Overview

Project Highlights:

  • Perform the first ever satellite retrievals of atmospheric isoprene
  • Develop and apply state-of-the-art satellite retrieval algorithms
  • Produce a long-term global isoprene dataset that will be used throughout the atmospheric modelling community

 

Overview:

It is well established that terrestrial vegetation emits a diverse range of reactive biogenic volatile organic compounds (BVOCs) into the atmosphere, which serve important roles in the biosphere, influencing global atmospheric chemistry and affecting climate. The most important BVOC is isoprene, whose annual emissions of ~500 Tg C / yr comprise nearly half the total global BVOC budget.

Isoprene is a precursor for tropospheric ozone, which is the third most important greenhouse gas and a surface air pollutant that affects the human respiratory system and agricultural crop yields. Tropospheric ozone is also the dominant source of the hydroxyl radical (OH), which initiates tropospheric oxidation chemistry, and is an important chemical sink of other greenhouse gases (e.g., methane). Isoprene is also a precursor for secondary organic aerosols (SOA) that affect air quality, cloud properties, and influence direct radiative forcing.

Accurate knowledge of isoprene emissions is therefore critical for understanding and predicting the atmospheric distributions of tropospheric ozone and SOA. Satellite observations of atmospheric isoprene would provide an unprecedented opportunity to conduct detailed studies of the biosphere-atmosphere exchange of terrestrial ecosystems, and through inversion of the retrieved measurements, would enable continuous top-down monitoring of global isoprene emissions over multiple years. Over large, remote, and often high isoprene emitting regions such as the tropics, satellites offer the only means of observing ecosystem dynamics.

This project offers an exciting opportunity to obtain the first spaceborne measurements of isoprene from the Infrared Atmospheric Sounding Interferometer (IASI) instruments through the development and application of an optimal estimation retrieval algorithm which utilises a new high resolution IR absorption cross-section dataset. The IASI isoprene retrievals will be critically assessed over different ecosystems, through direct and indirect comparisons with campaign field data and atmospheric model outputs, provided by world-leading groups and teams.

Figure 1: Plants in many different ecosystems, such as rainforests, emit isoprene in huge quantities thereby influencing global atmospheric chemistry.

Methodology

The student will use data from the series of IASI nadir-sounding spectrometers on EUMETSAT’s Metop-A (launched 2006), MetOp-B (launched 2012) and MetOp-C (scheduled for launch in November 2018) satellites, each offering twice daily global coverage through a swath width of 2200 km, with a 12 km sub-satellite pixel footprint, and delivering thousands of radiance observations per day. To retrieve isoprene from IASI radiances the student will adapt an existing retrieval code (ULIRS) with a proven credibility in determining trace gas measurements from IASI spectra. The aim is to retrieve weekly-to-monthly observations of column-integrated isoprene at horizontal resolutions of less than 5°×5° over multiple years (2007 to present). The IASI isoprene measurements will be critically evaluated against a wealth of in-situ observations, and compared with estimates from chemical transport models (CTMs) such as GEOS-Chem. The creation of this global dataset will provide invaluable data for improving both BVOC emission and CTMs.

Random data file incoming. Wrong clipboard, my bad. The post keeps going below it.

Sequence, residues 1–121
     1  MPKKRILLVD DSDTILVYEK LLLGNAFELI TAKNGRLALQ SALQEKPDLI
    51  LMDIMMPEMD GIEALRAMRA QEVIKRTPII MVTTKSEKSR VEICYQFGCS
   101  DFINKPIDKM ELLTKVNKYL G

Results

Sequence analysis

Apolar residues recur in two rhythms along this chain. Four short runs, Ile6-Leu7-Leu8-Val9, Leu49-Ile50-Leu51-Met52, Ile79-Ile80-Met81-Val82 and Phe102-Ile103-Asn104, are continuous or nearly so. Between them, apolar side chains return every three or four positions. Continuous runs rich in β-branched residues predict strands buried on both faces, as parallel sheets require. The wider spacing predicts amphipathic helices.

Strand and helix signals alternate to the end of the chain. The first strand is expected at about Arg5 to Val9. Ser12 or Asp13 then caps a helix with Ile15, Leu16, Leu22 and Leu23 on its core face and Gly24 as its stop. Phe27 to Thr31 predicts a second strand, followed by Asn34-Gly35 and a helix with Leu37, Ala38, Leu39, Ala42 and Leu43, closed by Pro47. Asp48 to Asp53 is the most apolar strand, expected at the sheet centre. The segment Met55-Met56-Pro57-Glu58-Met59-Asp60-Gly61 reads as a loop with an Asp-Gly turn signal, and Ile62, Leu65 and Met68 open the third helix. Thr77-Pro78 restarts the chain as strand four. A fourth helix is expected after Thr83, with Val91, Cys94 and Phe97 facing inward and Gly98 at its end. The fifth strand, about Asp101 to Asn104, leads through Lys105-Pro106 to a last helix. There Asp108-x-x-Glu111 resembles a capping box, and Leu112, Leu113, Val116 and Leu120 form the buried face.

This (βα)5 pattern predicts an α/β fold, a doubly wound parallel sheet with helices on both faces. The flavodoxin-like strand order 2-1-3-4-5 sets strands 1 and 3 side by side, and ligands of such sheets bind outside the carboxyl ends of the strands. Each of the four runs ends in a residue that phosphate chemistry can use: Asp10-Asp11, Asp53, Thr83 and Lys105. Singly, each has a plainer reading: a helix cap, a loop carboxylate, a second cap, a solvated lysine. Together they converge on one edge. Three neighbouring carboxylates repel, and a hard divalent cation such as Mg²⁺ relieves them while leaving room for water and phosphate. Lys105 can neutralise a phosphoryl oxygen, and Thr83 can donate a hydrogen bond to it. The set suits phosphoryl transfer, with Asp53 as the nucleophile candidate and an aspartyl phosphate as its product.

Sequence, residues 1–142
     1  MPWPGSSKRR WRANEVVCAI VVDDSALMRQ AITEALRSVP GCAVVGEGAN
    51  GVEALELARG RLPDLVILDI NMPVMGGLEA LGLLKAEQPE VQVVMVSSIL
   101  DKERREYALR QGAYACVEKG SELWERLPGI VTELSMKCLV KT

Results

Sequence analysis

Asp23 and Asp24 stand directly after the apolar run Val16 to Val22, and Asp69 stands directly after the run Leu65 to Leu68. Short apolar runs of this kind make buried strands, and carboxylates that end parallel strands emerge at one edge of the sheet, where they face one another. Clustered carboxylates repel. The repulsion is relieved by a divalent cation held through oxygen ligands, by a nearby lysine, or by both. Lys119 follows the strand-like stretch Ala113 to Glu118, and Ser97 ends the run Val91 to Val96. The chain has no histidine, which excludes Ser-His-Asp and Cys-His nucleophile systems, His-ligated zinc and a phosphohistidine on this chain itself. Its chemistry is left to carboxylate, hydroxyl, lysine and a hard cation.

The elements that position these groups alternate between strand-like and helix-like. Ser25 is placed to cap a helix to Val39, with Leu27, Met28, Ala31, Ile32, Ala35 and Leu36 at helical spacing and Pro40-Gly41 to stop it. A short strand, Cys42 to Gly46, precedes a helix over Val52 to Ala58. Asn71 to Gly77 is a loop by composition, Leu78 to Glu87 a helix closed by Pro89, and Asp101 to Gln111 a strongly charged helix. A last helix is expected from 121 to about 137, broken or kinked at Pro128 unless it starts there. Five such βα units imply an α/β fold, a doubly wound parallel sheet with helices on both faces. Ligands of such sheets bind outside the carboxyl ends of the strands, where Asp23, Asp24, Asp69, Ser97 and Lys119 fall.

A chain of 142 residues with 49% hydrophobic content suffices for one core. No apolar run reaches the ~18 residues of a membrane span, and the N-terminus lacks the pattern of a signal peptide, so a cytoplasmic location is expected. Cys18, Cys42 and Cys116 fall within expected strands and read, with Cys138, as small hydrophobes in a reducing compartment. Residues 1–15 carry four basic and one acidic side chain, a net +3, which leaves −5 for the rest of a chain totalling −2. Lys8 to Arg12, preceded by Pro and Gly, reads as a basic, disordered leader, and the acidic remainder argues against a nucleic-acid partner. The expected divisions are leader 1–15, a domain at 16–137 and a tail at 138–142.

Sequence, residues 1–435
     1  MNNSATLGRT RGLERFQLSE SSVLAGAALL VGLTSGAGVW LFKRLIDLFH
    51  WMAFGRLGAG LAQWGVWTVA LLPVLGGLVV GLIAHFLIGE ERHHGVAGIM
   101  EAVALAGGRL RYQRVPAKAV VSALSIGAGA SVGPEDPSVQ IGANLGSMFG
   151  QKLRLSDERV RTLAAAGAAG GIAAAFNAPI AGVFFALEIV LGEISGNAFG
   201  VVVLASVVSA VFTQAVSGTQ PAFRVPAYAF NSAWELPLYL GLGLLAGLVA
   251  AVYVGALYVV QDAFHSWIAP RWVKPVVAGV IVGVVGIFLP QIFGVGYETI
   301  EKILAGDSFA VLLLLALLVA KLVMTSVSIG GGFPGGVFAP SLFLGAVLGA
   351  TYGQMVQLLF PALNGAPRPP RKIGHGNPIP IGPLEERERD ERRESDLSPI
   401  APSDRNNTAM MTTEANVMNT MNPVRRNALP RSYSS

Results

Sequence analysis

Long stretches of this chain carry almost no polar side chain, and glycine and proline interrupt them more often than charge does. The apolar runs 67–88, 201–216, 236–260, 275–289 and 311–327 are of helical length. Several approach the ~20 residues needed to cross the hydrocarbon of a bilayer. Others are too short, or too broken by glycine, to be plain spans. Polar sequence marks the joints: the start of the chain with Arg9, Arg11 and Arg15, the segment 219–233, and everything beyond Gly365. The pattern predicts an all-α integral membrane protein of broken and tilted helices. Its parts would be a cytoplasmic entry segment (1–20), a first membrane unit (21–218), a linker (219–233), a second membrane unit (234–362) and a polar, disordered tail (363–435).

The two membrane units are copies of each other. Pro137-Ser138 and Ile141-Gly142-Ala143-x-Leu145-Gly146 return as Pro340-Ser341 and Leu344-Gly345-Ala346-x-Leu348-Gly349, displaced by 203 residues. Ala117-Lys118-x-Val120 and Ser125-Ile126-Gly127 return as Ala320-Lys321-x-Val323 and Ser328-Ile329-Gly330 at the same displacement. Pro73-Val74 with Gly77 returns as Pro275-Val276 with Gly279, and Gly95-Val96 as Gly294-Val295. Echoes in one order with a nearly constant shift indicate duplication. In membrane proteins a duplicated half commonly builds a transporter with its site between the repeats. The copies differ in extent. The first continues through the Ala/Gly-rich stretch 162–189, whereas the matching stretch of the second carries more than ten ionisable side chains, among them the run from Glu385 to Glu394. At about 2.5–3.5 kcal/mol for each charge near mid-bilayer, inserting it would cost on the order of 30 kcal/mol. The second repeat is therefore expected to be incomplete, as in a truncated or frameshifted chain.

Training and Skills

Throughout this project the student will receive extensive training to become adept in (1) remote sensing techniques, satellite retrieval algorithms, laboratory and atmospheric spectroscopy; (2) environmental science (e.g., atmospheric physics and chemistry) and environmental issues (e.g., climate change, air pollution); (3) data visualisation and data analysis techniques; (4) methods to compare satellite datasets with in situ and model data; (5) key programming languages (e.g., python, IDL) and the use of high performance computing (HPC) environments; (6) transferrable skills such as oral and poster presentations, publication writing, networking, grant applications, time management, data management, and team working.

 

Timeline

Year 1: Perform retrievals of isoprene from IASI radiance spectra.

Year 2: Finalise isoprene retrievals and begin a critical assessment over different ecosystems.

Year 3: Finalise the critical assessment by direct and indirect comparisons with campaign field data and atmospheric model outputs.

Partners and collaboration (including CASE)

This project offers the chance to interact and collaborate with world-leading scientists who regularly measure isoprene on field campaigns using in situ techniques. The student will also collaborate with modellers within the National Centre for Earth Observation (NCEO). The NCEO (www.nceo.ac.uk) is a distributed NERC centre providing the UK with national capability in EO science. The student will therefore be exposed to a wide range of research techniques in a multi-disciplinary research environment.

Further Details

Based in the Earth Observation Science (EOS) group at the University of Leicester, Dr Jeremy Harrison is an expert in atmospheric spectroscopy and the remote sensing of trace gases. Dr Michael Barkley is an expert in investigating mapping reactive carbon emissions from space using a combination of models and multiple satellite data sets. Dr David Moore is an expert in remote sensing of trace gases, particularly using IASI data.

Interested applicants are invited to contact Dr Jeremy Harrison (jh592@leicester.ac.uk). Note that all potential applicants are strongly advised to make contact before applying.

https://www2.le.ac.uk/departments/physics/people/jeremyharrison/jeremyharrison